Redevelopment before it was eliminated allowed city and county agencies to create special districts, then dedicate incremental growth in property taxes to improving those blighted neighborhoods. But after battles over how local taxes should be used, in 2011 state legislators banned redevelopment.
Brown signed that bill, and the California Supreme Court later upheld the move.
The dissolution of redevelopment agencies and the passage of the state’s climate law, A.B. 32, "were two separate and distinct policy decisions that were separated in time," said H.D. Palmer, deputy director for external affairs at California’s Department of Finance. A.B. 32 started events that led to cap and trade.
"While redevelopment (prior to its dissolution) had affordable housing as one of its broad components, the regulations governing cap & trade proceeds are much more narrow and limited to housing projects that can demonstrate reductions in greenhouse gas emissions — such as transit-oriented communities," Palmer said in an email.
Laurel, the development manager for West Sacramento, said it’s true that to obtain the cap-and-trade funds, cities and others must show how greenhouse gas emissions will be reduced. Under redevelopment, he said, there was more freedom, though his city had prioritized projects in urban areas near jobs and transit.
Mary Nichols, chairwoman of the state’s Air Resources Board, said numerous studies show that putting housing near transit and shopping gets people out of cars, reducing greenhouse gas emissions. Bill Magavern, policy director with the Coalition for Clean Air, agreed.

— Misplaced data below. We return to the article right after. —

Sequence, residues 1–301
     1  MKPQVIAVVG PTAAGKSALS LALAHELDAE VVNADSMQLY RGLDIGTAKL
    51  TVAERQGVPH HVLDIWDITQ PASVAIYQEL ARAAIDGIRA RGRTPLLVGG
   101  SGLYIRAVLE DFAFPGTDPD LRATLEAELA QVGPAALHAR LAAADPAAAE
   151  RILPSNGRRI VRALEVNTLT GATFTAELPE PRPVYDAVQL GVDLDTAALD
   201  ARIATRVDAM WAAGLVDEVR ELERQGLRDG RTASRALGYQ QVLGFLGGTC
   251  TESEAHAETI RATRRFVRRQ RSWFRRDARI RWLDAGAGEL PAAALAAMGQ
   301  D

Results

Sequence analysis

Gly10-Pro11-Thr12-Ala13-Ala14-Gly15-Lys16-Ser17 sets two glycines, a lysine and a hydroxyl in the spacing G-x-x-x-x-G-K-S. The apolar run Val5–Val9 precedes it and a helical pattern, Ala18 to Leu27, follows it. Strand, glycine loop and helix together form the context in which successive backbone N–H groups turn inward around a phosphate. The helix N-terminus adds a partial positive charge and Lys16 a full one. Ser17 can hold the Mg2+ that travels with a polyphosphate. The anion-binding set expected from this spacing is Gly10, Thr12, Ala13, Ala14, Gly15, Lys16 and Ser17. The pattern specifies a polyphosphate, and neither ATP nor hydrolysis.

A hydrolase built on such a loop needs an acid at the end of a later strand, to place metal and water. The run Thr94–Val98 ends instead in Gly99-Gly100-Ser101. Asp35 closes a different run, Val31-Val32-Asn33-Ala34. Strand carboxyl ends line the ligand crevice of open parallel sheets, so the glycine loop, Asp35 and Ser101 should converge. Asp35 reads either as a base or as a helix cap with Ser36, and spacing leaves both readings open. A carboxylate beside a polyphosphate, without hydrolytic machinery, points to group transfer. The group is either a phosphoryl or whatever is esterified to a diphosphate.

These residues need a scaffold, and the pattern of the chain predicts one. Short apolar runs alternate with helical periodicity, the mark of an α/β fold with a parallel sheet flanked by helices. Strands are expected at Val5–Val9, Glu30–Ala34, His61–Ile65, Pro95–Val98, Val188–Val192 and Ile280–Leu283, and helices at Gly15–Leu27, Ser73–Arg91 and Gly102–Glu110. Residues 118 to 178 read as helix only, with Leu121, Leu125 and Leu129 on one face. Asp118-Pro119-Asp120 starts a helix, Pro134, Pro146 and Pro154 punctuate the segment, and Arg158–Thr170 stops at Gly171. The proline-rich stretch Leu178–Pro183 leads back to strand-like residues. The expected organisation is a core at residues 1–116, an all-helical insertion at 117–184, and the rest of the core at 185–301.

"We support housing that’s affordable for people of low and moderate incomes" being placed "near transit so people can have affordable places to live and get around without long commutes," Magavern said.
Money spreads throughout state
Legislation from the state Senate President Pro Tem Kevin de León (D) requires that one-fourth of cap-and-trade funds be spent in neighborhoods that are economically disadvantaged and subject to more pollution.
The state so far has given cap-and-trade money to sustainable housing projects in Long Beach, San Diego, a veterans village in Riverside, San Jose, Santa Ana, Emeryville, Hayward, Oakland, Los Angeles, Fresno and other locations.
Tenderloin Neighborhood Development Corp. in San Francisco captured $10 million for one project, a planned eight-story high-rise with 103 units for low-income households. Of those, 30 units are set aside for formerly homeless families.
The developer also received nearly $5 million for a second project. It will feature a five-story building and three-story townhomes. Twenty percent of the units will be reserved for formerly homeless families that earn 30 percent or less of the area median income. The project also has retail spaces and a pedestrian pathway.